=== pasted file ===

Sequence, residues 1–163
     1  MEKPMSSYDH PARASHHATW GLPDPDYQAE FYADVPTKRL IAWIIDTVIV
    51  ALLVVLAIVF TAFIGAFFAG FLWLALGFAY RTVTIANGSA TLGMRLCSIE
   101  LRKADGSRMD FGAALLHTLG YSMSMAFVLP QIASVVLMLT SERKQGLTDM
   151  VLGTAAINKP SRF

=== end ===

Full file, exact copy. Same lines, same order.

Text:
Sequence, residues 1–163
     1  MEKPMSSYDH PARASHHATW GLPDPDYQAE FYADVPTKRL IAWIIDTVIV
    51  ALLVVLAIVF TAFIGAFFAG FLWLALGFAY RTVTIANGSA TLGMRLCSIE
   101  LRKADGSRMD FGAALLHTLG YSMSMAFVLP QIASVVLMLT SERKQGLTDM
   151  VLGTAAINKP SRF